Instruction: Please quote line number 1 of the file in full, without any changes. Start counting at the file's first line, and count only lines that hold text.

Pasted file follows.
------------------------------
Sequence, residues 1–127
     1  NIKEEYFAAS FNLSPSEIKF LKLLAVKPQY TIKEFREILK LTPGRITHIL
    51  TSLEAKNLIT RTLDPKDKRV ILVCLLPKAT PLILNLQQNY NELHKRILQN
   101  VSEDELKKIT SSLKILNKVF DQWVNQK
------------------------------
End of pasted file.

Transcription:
Sequence, residues 1–127